Heat some oil in a deep fryer. I use the Presto Fry Daddy. Prepare batter according to box instructions. Tip: Use ice cold water. Wash veggies. Peel and slice the sweet potato. Trim ends off string beans and cut to length. Peel and devein the shrimp. Cook the sweet potato and beans first, you don't want shrimpy tasting vegetable tempura. Cook sweet potato slices to a golden brown. For the green/string beans I like to cover three or four lengths of beans in the batter then grab one end. Swish the other end in the oil a few seconds before releasing into the oil. This keeps the end together when releasing the bundle into the oil.
For the shrimp cover in batter then lay it down in a dish of panko. Do both sides. Then cook in the oil. When the shrimp turns pinkish-orange it's done. Goes well with rice and soy sauce.
@kuririn How old is your Fry Daddy? I just looked at reviews on Amazon and saw that it is too hot compared to older models.

#### kuririn

##### BARGeezer
TRF Supporter
Greg, it's ancient. But it works for me. I tried another brand with a basket and a larger capacity. Wound up using a lot more oil and the batter stuck to the basket wire.

#### Greg Furtman

##### Well-Known Member
TRF Supporter
Greg, it's ancient. But it works for me. I tried another brand with a basket and a larger capacity. Wound up using a lot more oil and the batter stuck to the basket wire.
I guess I should look for an old one.

#### kuririn

##### BARGeezer
TRF Supporter
I guess I should look for an old one.
All you need is a non stick pot, oil, and a thermometer. Use your range top.
Or you can buy a non electric fryer with thermometer:

#### John Kemker

##### Well-Known Member
TRF Supporter
All you need is a non stick pot, oil, and a thermometer. Use your range top.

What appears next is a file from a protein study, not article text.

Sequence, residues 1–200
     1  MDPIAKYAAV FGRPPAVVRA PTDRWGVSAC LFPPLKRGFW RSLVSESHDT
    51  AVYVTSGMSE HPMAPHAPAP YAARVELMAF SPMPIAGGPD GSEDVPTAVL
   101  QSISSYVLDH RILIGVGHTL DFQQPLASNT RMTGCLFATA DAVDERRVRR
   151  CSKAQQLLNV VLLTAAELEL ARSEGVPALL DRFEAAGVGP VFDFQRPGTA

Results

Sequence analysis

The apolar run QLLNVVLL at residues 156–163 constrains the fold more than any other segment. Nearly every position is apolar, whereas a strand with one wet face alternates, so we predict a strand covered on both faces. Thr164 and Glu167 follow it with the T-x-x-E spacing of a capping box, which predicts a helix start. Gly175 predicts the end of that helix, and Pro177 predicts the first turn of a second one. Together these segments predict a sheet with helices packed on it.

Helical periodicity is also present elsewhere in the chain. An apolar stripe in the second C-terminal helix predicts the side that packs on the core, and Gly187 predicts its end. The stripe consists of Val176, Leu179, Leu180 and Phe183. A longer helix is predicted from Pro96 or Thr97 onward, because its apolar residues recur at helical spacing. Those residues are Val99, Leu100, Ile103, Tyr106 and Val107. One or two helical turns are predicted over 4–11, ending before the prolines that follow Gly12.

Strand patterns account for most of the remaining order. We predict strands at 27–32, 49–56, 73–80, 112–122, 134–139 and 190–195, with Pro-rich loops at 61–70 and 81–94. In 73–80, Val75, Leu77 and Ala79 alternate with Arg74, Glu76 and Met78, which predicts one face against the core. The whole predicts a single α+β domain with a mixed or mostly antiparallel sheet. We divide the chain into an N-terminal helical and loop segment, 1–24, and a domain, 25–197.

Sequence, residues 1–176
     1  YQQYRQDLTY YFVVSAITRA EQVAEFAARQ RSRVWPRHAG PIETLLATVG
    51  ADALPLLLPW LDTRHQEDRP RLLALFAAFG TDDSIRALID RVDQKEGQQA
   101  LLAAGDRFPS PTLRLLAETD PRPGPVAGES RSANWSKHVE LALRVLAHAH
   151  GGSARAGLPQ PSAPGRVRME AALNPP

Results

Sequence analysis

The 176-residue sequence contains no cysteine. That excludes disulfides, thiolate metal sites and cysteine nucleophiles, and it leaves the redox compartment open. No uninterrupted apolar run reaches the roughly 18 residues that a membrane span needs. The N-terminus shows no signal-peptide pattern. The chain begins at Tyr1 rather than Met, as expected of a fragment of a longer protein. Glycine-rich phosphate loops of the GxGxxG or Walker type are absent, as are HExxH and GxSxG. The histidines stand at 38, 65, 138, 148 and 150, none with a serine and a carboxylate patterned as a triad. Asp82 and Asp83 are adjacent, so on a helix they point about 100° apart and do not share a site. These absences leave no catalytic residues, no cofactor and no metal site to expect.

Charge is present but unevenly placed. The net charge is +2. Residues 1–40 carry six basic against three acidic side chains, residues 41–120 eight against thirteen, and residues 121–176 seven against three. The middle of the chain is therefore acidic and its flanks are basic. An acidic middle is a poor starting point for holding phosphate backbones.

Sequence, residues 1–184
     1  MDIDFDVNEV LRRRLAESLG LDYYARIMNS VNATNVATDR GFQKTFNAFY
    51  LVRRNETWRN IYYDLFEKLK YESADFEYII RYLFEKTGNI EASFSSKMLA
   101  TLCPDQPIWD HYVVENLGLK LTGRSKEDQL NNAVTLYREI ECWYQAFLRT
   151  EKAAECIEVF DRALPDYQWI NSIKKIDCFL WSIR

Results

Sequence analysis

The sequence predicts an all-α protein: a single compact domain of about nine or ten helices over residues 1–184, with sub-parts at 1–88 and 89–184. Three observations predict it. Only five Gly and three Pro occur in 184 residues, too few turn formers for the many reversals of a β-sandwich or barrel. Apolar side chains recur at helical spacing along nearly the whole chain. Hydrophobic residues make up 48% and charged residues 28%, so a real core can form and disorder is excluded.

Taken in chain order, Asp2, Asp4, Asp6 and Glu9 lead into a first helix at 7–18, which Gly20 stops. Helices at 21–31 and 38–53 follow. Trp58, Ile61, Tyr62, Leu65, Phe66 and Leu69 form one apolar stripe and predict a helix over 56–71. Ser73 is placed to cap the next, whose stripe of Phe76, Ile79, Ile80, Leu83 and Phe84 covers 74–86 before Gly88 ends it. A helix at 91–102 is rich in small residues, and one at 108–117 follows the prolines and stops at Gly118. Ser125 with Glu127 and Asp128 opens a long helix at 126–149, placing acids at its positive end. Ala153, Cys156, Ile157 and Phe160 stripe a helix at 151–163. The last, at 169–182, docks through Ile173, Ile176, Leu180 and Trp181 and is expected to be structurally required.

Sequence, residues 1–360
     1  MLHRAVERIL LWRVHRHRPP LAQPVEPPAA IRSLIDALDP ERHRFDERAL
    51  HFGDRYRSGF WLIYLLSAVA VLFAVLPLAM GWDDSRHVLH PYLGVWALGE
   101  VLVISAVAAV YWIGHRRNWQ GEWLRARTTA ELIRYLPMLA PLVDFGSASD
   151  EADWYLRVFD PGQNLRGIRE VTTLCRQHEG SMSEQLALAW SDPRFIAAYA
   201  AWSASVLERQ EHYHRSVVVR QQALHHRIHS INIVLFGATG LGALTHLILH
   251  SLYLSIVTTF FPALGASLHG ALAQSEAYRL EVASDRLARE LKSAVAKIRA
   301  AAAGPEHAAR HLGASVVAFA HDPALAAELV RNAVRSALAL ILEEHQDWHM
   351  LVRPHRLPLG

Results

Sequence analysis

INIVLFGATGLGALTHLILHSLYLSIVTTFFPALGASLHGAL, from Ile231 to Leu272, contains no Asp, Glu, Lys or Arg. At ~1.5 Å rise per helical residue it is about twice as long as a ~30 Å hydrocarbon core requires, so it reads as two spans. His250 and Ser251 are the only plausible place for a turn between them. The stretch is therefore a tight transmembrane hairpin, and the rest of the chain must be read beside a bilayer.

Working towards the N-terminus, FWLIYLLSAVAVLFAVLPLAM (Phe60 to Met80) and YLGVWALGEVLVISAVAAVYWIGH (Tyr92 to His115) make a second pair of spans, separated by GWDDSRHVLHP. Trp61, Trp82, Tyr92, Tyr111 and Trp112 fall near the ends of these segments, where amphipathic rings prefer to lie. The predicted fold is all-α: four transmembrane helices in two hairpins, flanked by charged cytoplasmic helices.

Or you can buy a non electric fryer with thermometer:
Or, a good cast-iron dutch oven.

#### rharshberger

##### Well-Known Member
Or, a good cast-iron dutch oven.
+1, or a cast iront chicken fryer pan, which looks like a 3"-ish deep skillet. My kitchen pride and joy is lots of cast iron skillets, griddles, dutch ovens, cornbread forms, many Lodge brand and several skilletswere used and belonged to my great grandmothers.
The best ribeyes are seared and brouled on cast iron!

#### John Kemker

##### Well-Known Member
TRF Supporter
+1, or a cast iront chicken fryer pan, which looks like a 3"-ish deep skillet. My kitchen pride and joy is lots of cast iron skillets, griddles, dutch ovens, cornbread forms, many Lodge brand and several skilletswere used and belonged to my great grandmothers.
The best ribeyes are seared and brouled on cast iron!
I currently have about 6 pieces of cast iron. One of them was my grandmother's. I'm 57 and it's older than I am. Bottom is smooth like a baby's behind!

#### rharshberger

##### Well-Known Member
Lots here,
Top pieces were great grandmoters cornbread molds and popover pans, a cast iron trivet and ribbed griddle (Lodge, 10 years old, makes great indoor grilled burgers).

Lodge Dutch ovens, black one in back is an 8 quart and fairly old as it belonged to my sisters mother in law, front one is 12 quart. We also have two 12 quart camp dutch oovens.We also own a couple of wheat grinders.
Lots of skillets, 3 square ones about 12ish inches each (great grandmothers, grandmothers, and my Moms square skillets) Mom has gotten to the point the cast iron is just too heavy for here to handle easily., a smooth grill pan, fryer pan on left top, a 14" ish skillet on floor under fryer, and a 16" ish Lodge skillet (I bought new for camping mainly, on bottom of shelf next to wheat grinder).